So here it is. My list.
The top five places in the Royal Opera House to plan a murder
The Secret Sofa
Tucked away down the wrong corridor on the upper slips level (go in the opposite direction to those suggested by any gold arrows you encounter) is this glorious little sofa, surrounded by vintage ballet dancers hung at just the right level to whisper sweet-tortures in your ear.
A little brightly lit for my taste (it’s round the corner from a fire refuge point) but you might need that if you go in for the more complex style of plotting that requires blueprints and chemical formulae.
The Slightly Less Secret Sofa
Found on-route to the lower slips (or the lower amphitheatre if you are that sort of person), this is another red velvet wonder. What it lacks in privacy, it gains from the shadowy lighting and dark walled surroundings.
This is where I do my best country-house conspiracies. Proper Poirot-esque plots, with cups of tea tainted by strychnine-laced sugar cubes, forged wills, family secrets, and an herbaceous border sprouting poisonous plants.
The Extra Secret Sofa
This one is a bit tricky. You might have to get ‘lost’ while taking a backstage door in order to get here. But the rewards are great. This sofa lives in the King’s smoking room. Located behind the orchestra pit, you’ll get this place all to yourself if you get the timing right. But the extra effort is worth it as the rarefied surroundings will give your plots the regal edge that will take them to the next level. Did you know that decaying strawberry leaves release hydrogen cyanide? Think about that when you’re counting the leaves on your next victim’s coronet.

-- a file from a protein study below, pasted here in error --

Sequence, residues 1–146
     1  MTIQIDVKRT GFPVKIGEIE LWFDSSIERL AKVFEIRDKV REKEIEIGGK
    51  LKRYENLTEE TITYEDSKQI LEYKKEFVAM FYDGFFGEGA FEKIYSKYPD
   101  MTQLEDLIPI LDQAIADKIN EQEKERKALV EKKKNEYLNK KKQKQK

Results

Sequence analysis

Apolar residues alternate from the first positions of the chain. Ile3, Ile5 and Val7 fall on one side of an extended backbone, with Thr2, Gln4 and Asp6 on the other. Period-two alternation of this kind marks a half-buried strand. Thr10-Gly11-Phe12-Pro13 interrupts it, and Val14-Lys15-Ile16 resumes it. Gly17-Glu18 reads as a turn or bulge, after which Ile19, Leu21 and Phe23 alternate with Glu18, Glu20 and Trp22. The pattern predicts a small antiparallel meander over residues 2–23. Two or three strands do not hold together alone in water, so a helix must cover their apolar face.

Behind the boxes
Now ideally you’d want to be inside a box for peak murder-plotting, but if your budget doesn’t stretch that far, the narrow corridors that lead to them can serve you just as well. Lit by small lamps, the confided space and narrow doors will enhance your lateral thinking. Just make sure that the boxes are unoccupied if you are the type to go in for muttering the details of your plan out loud.
Above the dome
Again, tricky. To get here you might need a little assistance from someone working at the ROH, as it’s not exactly accessible to the public. But I think it would be worth it. Not only would the location, soaring above the auditorium, help engender a sense of god-like power while gazing down at the audience below, but I hear that it’s also the place to go if you are after an accomplice with a very specialised skill set.
I have it on good authority that the space above the dome is where you will find the Nudger. So called because he spends his time during performances nudging the elbows of the spotlight crew as they try and keep their lights steadily focused on a performer.
If you’re planning is moving in the accidental-death-by-falling direction, then I think the Nudger could be of great assistance.
The fact that the Nudger also happens to be a ghost can only be a bonus.